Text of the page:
The Imaginarium of Doctor Parnassus is a beautiful looking film with a really intriguing story, but unfortunately doesn’t answer all of the questions I wish it had. Looks like I am going to just have to use my imagination to fill in the blanks (See what I did there? “Imagination”? That’s right, I went there…)
A long time ago in a mountain range far, far away, a supernaturally inclined man named Parnassus was living a life devoted to his faith when a man name Mr. Nick came a’knockin’. This visit from this devil-esque man set into motion a long lasting relationship for the following hundreds of years based on both men’s inability to say no to competition, gambling, and deal making, eventually leading to a deal in which Parnassus’s entry into the bargain is his own daughter. When she turns 16 she is to be given over to Mr. Nick, and as this movie just so happens to have it, her 16th birthday is right around the corner. But before Parnassus is forced to make good on his side of the arrangement, Mr. Nick makes one final deal that she will go to whoever is able to collect the most souls before time runs out.
The movie takes place in the modern world, but it really has a timeless look to it; especially when moving out of the gloomy streets of the real world and into the world behind the mirror. Those who find themselves in this magical world of the imagination are shown the magnificent and unexplainable before being given a choice. Now what this choice actually is is slightly debatable. The outcome of this decision determines who will win the soul, but seeing as this is not a battle between the devil and God, it is hardly a choice of right and wrong. Sometimes it seems to be a choice between the life that individual is already leading vs. what will save them from this path (which I have the commentary track to thank for putting one such example into these words), but other times it is less distinct. But no matter how unclear what is going on happens to be in this world, it sure does look pretty. The look of the imaginarium is quite similar to the story world in The Fall, if this story was taking place in a Salvador Dalí painting. On top of the great computer graphics, the practical design elements of the sets and costumes were just as amazing and fitting in this heightened world.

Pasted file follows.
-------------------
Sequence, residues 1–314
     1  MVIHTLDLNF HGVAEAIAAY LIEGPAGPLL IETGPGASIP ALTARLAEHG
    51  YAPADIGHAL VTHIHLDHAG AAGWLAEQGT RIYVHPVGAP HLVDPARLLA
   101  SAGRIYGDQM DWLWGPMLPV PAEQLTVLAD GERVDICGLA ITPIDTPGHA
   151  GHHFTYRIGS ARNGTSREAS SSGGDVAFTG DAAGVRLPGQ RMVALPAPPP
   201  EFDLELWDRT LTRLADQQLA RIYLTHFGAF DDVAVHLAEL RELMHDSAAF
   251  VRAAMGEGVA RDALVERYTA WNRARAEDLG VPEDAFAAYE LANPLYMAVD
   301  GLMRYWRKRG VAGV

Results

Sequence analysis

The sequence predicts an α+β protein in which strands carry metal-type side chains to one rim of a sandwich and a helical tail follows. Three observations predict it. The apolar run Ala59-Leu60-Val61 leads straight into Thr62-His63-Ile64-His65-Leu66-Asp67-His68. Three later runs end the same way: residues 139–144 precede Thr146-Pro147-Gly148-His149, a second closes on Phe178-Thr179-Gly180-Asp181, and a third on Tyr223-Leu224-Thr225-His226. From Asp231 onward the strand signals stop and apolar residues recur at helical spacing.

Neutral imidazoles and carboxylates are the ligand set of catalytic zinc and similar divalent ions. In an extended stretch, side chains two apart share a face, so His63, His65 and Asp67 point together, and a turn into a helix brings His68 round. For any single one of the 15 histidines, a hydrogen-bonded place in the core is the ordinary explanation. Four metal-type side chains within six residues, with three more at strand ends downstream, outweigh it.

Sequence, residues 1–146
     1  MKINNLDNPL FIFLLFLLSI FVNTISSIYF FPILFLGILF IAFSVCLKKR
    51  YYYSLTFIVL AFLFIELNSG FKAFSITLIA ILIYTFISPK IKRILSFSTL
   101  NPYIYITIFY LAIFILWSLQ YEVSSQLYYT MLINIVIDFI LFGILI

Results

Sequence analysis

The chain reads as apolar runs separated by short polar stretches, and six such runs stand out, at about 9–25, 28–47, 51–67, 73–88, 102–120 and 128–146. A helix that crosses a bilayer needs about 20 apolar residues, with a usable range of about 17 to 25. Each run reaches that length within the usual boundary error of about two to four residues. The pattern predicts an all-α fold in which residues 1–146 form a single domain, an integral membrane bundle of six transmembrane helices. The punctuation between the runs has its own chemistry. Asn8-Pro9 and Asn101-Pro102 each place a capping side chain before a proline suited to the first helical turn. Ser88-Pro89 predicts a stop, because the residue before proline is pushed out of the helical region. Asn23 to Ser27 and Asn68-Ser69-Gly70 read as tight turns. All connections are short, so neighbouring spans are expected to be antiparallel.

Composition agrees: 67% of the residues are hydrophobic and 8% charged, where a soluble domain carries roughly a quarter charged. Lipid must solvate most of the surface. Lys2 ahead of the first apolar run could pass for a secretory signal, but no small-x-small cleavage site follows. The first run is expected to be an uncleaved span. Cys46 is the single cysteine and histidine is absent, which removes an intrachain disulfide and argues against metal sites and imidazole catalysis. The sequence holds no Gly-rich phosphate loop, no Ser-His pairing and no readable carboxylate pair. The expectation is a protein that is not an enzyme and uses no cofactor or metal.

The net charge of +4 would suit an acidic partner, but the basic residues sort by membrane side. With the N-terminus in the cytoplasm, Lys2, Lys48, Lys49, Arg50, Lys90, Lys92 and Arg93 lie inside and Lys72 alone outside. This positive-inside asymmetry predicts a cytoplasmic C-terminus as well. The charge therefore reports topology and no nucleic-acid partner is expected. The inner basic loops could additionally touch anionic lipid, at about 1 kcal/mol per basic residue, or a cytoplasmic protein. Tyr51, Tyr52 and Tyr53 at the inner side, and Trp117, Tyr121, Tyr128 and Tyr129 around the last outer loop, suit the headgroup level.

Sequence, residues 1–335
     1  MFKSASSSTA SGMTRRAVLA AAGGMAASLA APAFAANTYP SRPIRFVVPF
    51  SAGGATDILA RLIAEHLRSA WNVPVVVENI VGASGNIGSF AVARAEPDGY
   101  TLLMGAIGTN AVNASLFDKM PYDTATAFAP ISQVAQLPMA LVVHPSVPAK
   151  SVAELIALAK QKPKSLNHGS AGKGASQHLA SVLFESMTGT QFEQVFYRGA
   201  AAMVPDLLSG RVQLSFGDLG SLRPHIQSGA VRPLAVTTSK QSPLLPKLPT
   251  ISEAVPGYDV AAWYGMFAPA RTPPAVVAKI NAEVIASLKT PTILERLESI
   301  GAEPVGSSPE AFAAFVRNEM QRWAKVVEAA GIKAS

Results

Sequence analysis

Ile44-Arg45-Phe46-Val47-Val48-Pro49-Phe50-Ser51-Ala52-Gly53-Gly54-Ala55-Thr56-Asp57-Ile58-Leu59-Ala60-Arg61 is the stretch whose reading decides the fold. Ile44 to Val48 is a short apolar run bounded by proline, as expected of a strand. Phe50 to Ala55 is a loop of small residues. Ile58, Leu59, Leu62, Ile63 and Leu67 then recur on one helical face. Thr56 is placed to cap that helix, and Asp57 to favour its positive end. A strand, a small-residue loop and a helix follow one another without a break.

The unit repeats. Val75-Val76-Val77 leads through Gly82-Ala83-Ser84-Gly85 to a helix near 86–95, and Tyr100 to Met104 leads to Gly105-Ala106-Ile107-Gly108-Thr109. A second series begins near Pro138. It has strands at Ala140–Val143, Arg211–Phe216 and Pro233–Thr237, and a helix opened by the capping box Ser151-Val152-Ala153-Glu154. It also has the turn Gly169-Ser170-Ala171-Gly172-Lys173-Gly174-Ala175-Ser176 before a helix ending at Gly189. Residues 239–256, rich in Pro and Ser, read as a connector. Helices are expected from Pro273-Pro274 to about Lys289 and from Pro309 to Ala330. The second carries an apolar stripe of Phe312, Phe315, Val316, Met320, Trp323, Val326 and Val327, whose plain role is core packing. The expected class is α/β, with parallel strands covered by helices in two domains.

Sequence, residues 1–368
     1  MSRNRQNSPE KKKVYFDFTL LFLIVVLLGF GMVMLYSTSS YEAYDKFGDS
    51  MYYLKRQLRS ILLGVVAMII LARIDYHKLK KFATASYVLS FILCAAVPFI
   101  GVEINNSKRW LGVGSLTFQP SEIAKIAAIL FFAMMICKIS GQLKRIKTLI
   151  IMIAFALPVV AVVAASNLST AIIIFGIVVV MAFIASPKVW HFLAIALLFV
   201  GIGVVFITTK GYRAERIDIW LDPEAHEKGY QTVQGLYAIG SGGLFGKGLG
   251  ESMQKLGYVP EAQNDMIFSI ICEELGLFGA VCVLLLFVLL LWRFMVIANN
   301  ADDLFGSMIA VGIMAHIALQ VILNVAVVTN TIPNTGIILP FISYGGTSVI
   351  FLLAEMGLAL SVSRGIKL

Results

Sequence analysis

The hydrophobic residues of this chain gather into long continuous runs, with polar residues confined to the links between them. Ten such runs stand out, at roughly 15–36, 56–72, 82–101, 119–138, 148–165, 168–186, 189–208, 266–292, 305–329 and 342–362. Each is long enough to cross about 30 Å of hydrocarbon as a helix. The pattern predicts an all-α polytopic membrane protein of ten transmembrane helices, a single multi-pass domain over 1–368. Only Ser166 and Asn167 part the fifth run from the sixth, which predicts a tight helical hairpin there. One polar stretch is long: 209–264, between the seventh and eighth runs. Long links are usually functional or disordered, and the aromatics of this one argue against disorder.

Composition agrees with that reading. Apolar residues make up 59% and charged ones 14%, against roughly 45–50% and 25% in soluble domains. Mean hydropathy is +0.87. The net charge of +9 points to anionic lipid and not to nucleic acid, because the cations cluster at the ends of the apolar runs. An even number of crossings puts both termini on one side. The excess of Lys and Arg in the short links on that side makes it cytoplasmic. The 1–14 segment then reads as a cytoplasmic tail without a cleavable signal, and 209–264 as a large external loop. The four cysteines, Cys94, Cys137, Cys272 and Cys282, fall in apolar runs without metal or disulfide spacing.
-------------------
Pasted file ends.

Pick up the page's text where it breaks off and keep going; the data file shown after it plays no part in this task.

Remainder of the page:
My confusion did not stop with the choices posed to those that enter the world, but with other bits of information given to the audience. For one thing, it is stated that only one person is supposed to go through the mirror at a time because different minds working at once would make things get out of hand, but more often than not more and more people were in there at once and nothing really seemed to be greatly complicated by this, which seemed like an opportunity lost. Also, it is never really clear just how much certain individuals really know what is going on in this traveling sideshow that fronts for the imaginarium. For one thing, it isn’t really clear what exactly his daughter thinks is going on behind the mirror, especially because she has no idea about the wager. I guess this all hinges on what the imaginarium is normally used for when Parnassus isn’t fighting to keep his daughter.
Though I am left with a lot of questions, the answers aren’t needed to enjoy the film. Plus, it helps that the acting is great all around. For starters, it is really nice to see that Verne Troyer is a really talented actor in more serious roles considering most people associate him with Mini-Me. In addition to Troyer, Lily Cole and Andrew Garfield do great jobs as Parnassus’ daughter and helper respectively though they don’t have a lot of known roles under their belts (PS – I highly recommend that everyone go rent Garfield’s Boy A). Both Christopher Plummer as Parnassus and Tom Waits as Mr. Nick give strong performances on their own, but I will say that Waits outshines Plummer in their screen time together as they play off of each other in their interestingly dependent relationship. Wait’s performance as the devil (if he is actually the devil) is refreshing because it veers from the most evil of all that is evil representation of the main man downstairs, and it is hilarious to watch him try to pick the hopeless Parnassus up so that their game can keep going and going. Finally, Heath Ledger plays the character of Tony, a man with a questionable past and a truckload of charisma and charm to manipulate those around him even when his motives begin to show the real man below. And finally, Johnny Depp, Jude Law, and Colin Farrell do not disappoint in their respective mirror world sections in which they build off of Ledger’s “real world” Tony and show the effect that the appeal of this world has on him.
Though I am stuck with a lot of questions about this world, The Imaginarium of Doctor Parnassus is just as enjoyable without having divulged all the answers about how this world works. In addition to the intriguing story, the acting and design elements are spectacular, making this a film that should not be missed.
Final Grade: B+